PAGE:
Official government apologies and the national Truth and Reconciliation Commission (TRC) process do not include all prior students of government-funded, church-run schools for Indigenous Peoples, a handful of which have associations with Mennonite communities.
To date, pre-1970s indigenous day school students—whether attending schools on or near a first nation community—remain unacknowledged. They are banding together to remedy that.
On May 2 and 3, the first National Day School Class Action Conference was held in Winnipeg. It was led and hosted by Spiritwind Inc., a non-profit organization of survivors based in Winnipeg, the Joan Jack Law Office, Winnipeg, and the Sandy Bay Ojibway First Nation on the western shore of Lake Manitoba. Nine representatives from Canada’s Mennonite community attended the conference.
Spiritwind emerged in 1986 as an advocate and support group for the Indian Residential School survivors movement. Now it is using that experience to focus on, and advocate for, day school survivors by launching a National Day School Class Action Suit.
Although day school students were able to return home each night, many of them suffered the same indignities as their residential school peers: violent physical and emotional abuse, loss of language, the aggressive imposition of Christianity, and condemnation of their indigenous histories and traditions.
Those who gathered for the Winnipeg conference heard from survivors as well as indigenous leaders supporting the movement, such as Grand Chief Shawn Atleo of the Assembly of First Nations, and Judge Murray Sinclair, chief TRC commission-
er. They also discussed next steps in the class action suit, which has been joined so far by more than 10,000 former students.
Elders and indigenous leaders stressed the need to speak in love and strength, while being mindful that some may dismiss their stories without understanding the significant generational impact of their experiences, or the difficulties they face along the road to healing. They recognized that monetary compensation is a necessary gesture of atonement, but it does not provide healing. Healing must come from within. Indigenous survivors must live as survivors rather than victims.
Mennonites are seeking ways of walking with indigenous communities through the TRC process and in their struggle for acknowledgement of the day school student experience. In July 2010, delegates to the Mennonite Church Canada assembly in Calgary signed a resolution, stating in part that “MC Canada congregations and individual members recognize and confess our complicity in the failing of the Christian church and its role in the tragic physical, emotional, mental and sexual abuse, denial of culture, language and peoplehood of Aboriginal Peoples in Canada.”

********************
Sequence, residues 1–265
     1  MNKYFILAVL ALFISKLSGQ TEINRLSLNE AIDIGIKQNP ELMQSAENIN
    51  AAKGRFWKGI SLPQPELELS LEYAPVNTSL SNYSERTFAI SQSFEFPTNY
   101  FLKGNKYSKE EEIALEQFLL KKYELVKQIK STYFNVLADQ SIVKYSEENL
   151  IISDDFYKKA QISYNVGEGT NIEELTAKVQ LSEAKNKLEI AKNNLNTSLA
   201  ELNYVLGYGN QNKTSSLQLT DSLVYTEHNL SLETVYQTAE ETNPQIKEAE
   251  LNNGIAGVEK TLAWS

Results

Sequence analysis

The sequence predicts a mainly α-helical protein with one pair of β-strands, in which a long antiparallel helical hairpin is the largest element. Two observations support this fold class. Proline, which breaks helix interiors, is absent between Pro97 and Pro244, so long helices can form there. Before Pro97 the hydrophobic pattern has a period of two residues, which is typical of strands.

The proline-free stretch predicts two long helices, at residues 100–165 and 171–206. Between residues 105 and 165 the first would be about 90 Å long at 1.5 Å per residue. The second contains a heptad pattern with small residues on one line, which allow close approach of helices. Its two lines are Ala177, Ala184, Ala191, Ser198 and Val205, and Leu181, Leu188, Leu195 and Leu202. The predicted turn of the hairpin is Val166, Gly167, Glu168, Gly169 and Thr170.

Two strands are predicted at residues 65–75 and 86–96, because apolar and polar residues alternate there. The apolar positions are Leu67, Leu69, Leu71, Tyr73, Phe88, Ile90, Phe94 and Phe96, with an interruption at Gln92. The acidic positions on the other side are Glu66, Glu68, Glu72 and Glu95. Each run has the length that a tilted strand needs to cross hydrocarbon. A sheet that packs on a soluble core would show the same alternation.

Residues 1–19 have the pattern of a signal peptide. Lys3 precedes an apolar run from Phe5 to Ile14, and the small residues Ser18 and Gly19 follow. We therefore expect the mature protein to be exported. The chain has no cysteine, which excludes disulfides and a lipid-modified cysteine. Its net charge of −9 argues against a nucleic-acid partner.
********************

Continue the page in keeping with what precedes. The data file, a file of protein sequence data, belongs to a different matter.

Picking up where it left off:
What is the Mennonite connection?
In the 1940s, Mennonite conscientious objectors were sent to United Church-run day schools in northern Manitoba to work as teachers. Some years later, Manitoba’s Pauingassi and Bloodvein communities invited Mennonite Pioneer Mission, a predecessor of MC Canada’s Indigenous Relations (formerly Native Ministry), to open day schools within their communities. Some students of the Mennonite schools report a more cooperative approach to education and saw their workers oppose certain aspects of the government’s attempted assimilation program by encouraging indigenous language. In some instances, programs at Pauingassi were scheduled to accommodate community rhythms around the trapping and fishing seasons.
But despite these more mutual approaches, the Mennonite schools operated within the larger paternalistic system that, as a whole, considered itself superior to indigenous ways.
“As Mennonite Pioneer Mission, we had a lot of learning to do,” says Egon Enns, a former day school teacher in Bloodvein. “Yet over the years, with the help of indigenous friends and partners, we have learned much and changed our programs to reflect such. We are still learning.”
Retired MC Canada Native Ministry co-director Edith von Gunten attended the day school conference. She says the struggle belongs to all of society, not just indigenous communities.
Ultimately, this is a settler problem, according to her, for settlers perpetuated the notion that their religion, culture and politics were superior to that of indigenous peoples, and claimed the right to change Indigenous Peoples. She says that those attitudes of superiority fuelled the assimilation program to “kill the Indian, save the child.”
Henry Neufeld, right, a former day school teacher in Pauingassi, Man., presents a talking stick that he crafted to Joan Jack, who is heading up the National Day School Class Action Suit.